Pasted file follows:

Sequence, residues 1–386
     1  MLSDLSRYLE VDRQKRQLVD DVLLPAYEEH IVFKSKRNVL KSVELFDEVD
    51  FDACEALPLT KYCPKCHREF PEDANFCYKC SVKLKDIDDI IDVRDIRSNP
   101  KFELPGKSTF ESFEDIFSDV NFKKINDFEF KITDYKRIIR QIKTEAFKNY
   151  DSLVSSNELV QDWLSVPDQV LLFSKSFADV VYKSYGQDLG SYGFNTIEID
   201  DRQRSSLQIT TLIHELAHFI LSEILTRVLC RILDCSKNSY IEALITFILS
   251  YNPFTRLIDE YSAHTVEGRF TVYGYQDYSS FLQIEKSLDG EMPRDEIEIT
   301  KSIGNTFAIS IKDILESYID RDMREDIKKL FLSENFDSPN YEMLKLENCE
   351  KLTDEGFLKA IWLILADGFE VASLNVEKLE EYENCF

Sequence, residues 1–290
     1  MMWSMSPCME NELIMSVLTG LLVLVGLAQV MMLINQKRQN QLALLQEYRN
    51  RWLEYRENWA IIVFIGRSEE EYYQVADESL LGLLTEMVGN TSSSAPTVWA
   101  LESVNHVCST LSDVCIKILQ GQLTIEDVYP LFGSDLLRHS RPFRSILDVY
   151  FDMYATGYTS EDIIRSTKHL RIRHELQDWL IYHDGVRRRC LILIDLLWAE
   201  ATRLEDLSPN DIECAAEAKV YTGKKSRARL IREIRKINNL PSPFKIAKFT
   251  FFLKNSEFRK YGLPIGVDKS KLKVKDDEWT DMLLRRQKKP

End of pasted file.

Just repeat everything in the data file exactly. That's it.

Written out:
Sequence, residues 1–386
     1  MLSDLSRYLE VDRQKRQLVD DVLLPAYEEH IVFKSKRNVL KSVELFDEVD
    51  FDACEALPLT KYCPKCHREF PEDANFCYKC SVKLKDIDDI IDVRDIRSNP
   101  KFELPGKSTF ESFEDIFSDV NFKKINDFEF KITDYKRIIR QIKTEAFKNY
   151  DSLVSSNELV QDWLSVPDQV LLFSKSFADV VYKSYGQDLG SYGFNTIEID
   201  DRQRSSLQIT TLIHELAHFI LSEILTRVLC RILDCSKNSY IEALITFILS
   251  YNPFTRLIDE YSAHTVEGRF TVYGYQDYSS FLQIEKSLDG EMPRDEIEIT
   301  KSIGNTFAIS IKDILESYID RDMREDIKKL FLSENFDSPN YEMLKLENCE
   351  KLTDEGFLKA IWLILADGFE VASLNVEKLE EYENCF

Sequence, residues 1–290
     1  MMWSMSPCME NELIMSVLTG LLVLVGLAQV MMLINQKRQN QLALLQEYRN
    51  RWLEYRENWA IIVFIGRSEE EYYQVADESL LGLLTEMVGN TSSSAPTVWA
   101  LESVNHVCST LSDVCIKILQ GQLTIEDVYP LFGSDLLRHS RPFRSILDVY
   151  FDMYATGYTS EDIIRSTKHL RIRHELQDWL IYHDGVRRRC LILIDLLWAE
   201  ATRLEDLSPN DIECAAEAKV YTGKKSRARL IREIRKINNL PSPFKIAKFT
   251  FFLKNSEFRK YGLPIGVDKS KLKVKDDEWT DMLLRRQKKP